List of governors of Hawaii

head of the executive branch of the state government of the state of Hawaii

This is a list of people who were the Governor of Hawaii.

Governors change

The Republic of Hawaii was annexed by the United States in 1898. It became the Hawaii Territory in 1900. Hawaii became a state in 1959. The Republic had only one president, Sanford B. Dole. He was also the first territorial governor. Between 1893 and 1894, Hawaii was under the Provisional Government of Hawaii. It had no formal leader. Before 1893, Hawaii was a monarchy. Queen Lili'uokalani was the last Queen of Hawaii.

Governors of Hawaii Territory change

Hawaii Territory was organized on June 14, 1900. It was a territory for 59 years. Twelve people served as territorial governor. They were chosen by the President of the United States.

# Governor Took office Left office Appointed by Notes
1 Sanford B. Dole June 14, 1900 November 23, 1903 William McKinley [a]
2 George R. Carter November 23, 1903[2] August 15, 1907 Theodore Roosevelt [b]
3 Walter F. Frear August 15, 1907[4] November 30, 1913 Theodore Roosevelt
4 Lucius E. Pinkham November 30, 1913[5] June 22, 1918 Woodrow Wilson
5 Charles J. McCarthy June 22, 1918[6] July 5, 1921 Woodrow Wilson
6 Wallace R. Farrington July 5, 1921[7] July 6, 1929 Warren G. Harding
7 Lawrence M. Judd July 6, 1929[8] March 2, 1934 Herbert Hoover
8 Joseph Poindexter March 2, 1934[9] August 24, 1942 Franklin D. Roosevelt [c]
9 Ingram Stainback August 24, 1942[11] May 8, 1951 Franklin D. Roosevelt [d]
10 Oren E. Long May 8, 1951[14] February 28, 1953 Harry S. Truman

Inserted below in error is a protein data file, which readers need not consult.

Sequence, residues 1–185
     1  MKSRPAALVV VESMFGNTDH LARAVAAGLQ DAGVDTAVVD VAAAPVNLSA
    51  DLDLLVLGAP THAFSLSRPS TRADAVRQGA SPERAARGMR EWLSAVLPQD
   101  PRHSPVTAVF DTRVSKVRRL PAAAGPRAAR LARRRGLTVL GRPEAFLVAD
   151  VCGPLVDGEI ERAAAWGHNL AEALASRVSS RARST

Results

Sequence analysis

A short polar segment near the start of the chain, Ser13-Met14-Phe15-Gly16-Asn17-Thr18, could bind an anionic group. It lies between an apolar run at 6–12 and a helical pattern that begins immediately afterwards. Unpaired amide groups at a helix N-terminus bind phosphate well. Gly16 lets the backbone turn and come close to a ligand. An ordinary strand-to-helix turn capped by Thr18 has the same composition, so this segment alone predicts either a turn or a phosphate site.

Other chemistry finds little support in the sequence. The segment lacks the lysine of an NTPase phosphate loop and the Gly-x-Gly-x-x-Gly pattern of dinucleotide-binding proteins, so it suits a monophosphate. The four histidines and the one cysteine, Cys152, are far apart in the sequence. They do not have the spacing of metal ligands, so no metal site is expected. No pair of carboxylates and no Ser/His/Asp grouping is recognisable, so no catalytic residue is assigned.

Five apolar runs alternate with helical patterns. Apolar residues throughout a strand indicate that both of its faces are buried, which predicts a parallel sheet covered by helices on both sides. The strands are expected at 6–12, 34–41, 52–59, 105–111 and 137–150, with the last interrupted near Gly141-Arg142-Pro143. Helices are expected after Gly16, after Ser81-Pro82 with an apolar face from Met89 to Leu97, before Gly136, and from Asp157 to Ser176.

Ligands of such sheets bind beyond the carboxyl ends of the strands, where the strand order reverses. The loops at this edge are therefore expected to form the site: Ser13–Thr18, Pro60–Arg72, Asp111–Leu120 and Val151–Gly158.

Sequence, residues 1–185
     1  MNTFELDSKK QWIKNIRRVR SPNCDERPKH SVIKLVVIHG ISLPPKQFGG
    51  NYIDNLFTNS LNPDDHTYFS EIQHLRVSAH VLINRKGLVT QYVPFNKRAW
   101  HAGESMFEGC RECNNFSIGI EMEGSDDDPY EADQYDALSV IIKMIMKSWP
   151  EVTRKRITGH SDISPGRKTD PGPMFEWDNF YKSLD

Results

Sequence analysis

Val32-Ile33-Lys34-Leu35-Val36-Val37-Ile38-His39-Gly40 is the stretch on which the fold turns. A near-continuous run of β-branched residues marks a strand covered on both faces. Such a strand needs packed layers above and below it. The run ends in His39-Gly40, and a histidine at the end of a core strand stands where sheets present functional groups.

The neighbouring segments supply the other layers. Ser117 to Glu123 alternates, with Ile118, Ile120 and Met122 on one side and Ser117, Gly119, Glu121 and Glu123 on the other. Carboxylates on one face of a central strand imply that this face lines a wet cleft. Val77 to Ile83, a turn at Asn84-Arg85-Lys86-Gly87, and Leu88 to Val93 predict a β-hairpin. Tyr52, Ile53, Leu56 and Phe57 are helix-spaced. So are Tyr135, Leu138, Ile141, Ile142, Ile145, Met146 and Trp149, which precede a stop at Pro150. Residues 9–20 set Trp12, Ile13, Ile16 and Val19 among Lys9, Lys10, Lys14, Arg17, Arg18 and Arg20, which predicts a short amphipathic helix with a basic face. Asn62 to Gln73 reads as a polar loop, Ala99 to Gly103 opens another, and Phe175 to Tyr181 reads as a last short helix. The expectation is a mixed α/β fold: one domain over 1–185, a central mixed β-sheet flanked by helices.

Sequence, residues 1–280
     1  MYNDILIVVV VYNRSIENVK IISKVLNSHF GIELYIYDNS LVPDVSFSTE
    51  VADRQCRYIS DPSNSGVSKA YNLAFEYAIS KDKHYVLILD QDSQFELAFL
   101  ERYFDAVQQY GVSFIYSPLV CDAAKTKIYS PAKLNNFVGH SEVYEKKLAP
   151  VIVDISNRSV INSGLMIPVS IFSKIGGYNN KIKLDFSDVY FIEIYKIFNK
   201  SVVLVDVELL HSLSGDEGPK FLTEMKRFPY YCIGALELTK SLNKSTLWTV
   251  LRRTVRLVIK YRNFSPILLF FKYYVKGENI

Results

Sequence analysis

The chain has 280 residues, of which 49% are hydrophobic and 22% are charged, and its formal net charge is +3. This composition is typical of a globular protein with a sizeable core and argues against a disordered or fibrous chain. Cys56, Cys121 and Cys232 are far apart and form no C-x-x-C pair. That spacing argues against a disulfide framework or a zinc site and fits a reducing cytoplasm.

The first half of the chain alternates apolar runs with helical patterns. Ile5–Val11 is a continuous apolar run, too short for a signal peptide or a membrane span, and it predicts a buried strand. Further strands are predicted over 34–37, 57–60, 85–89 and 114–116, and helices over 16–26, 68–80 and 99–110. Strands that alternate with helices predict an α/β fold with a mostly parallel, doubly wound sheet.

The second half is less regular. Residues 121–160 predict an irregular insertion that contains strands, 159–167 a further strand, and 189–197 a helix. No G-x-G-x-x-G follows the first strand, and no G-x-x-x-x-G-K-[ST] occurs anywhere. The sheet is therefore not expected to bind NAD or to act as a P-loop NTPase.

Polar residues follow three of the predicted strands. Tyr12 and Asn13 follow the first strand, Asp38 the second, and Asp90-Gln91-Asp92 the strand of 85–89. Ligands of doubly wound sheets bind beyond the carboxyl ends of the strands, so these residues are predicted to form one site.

11 Samuel Wilder King February 28, 1953[15] July 26, 1957 Dwight D. Eisenhower [e]
12 William F. Quinn August 29, 1957[17] August 21, 1959 Dwight D. Eisenhower

Governors of the State of Hawaii change

Hawaii became a state on August 21, 1959. The state was made up of Hawaii Territory without Palmyra Atoll. Since then, there have been seven governors.

The governor is elected to a four-year term. It begins on the first Monday in the December after the election. The lieutenant governor is elected for the same term. Since 1964, they have been elected on the same ticket.[18][19] The 1978 constitutional convention set a term limit of two consecutive terms for both offices.[18] If the office of governor is vacant, the lieutenant governor becomes governor. If the governor is out of the state or unable to do their duties, the lieutenant governor acts as governor.[20]

  Democratic (7)   Republican (2)

Governors of the State of Hawaii[f]
No. Governor Term of office Party Election Lt. Governor[g]
1     William F. Quinn
    July 13, 1919 – August 28, 2006   
(aged 87)
August 21, 1959

December 3, 1962
(lost election)
Republican 1959   James Kealoha
2   John A. Burns
    March 30, 1909 – April 5, 1975   
(aged 66)
December 3, 1962

December 2, 1974
(not candidate for election)
Democratic 1962 William S. Richardson
1966 Thomas Gill
1970 George Ariyoshi
3 George Ariyoshi
    (1926-03-12) March 12, 1926 (age 98)
December 2, 1974

December 1, 1986
(term limited)
Democratic 1974 Nelson Doi
1978 Jean King
1982 John D. Waiheʻe III
4   John D. Waiheʻe III
    (1946-05-19) May 19, 1946 (age 78)
December 1, 1986

December 5, 1994
(term limited)
Democratic 1986 Ben Cayetano
1990
5   Ben Cayetano
    (1939-11-14) November 14, 1939 (age 84)
December 5, 1994

December 2, 2002
(term limited)
Democratic 1994 Mazie Hirono
1998
6   Linda Lingle
    (1953-06-04) June 4, 1953 (age 70)
December 2, 2002

December 6, 2010
(term limited)
Republican 2002 Duke Aiona
2006
7   Neil Abercrombie
    (1938-06-26) June 26, 1938 (age 85)
December 6, 2010

December 1, 2014
(lost renomination)[h]
Democratic 2010 Brian Schatz
(resigned December 26, 2012)
Vacant
Shan Tsutsui
(took office December 27, 2012)
(resigned January 31, 2018)
8   David Ige
    (1957-01-15) January 15, 1957 (age 67)
December 1, 2014

December 5, 2022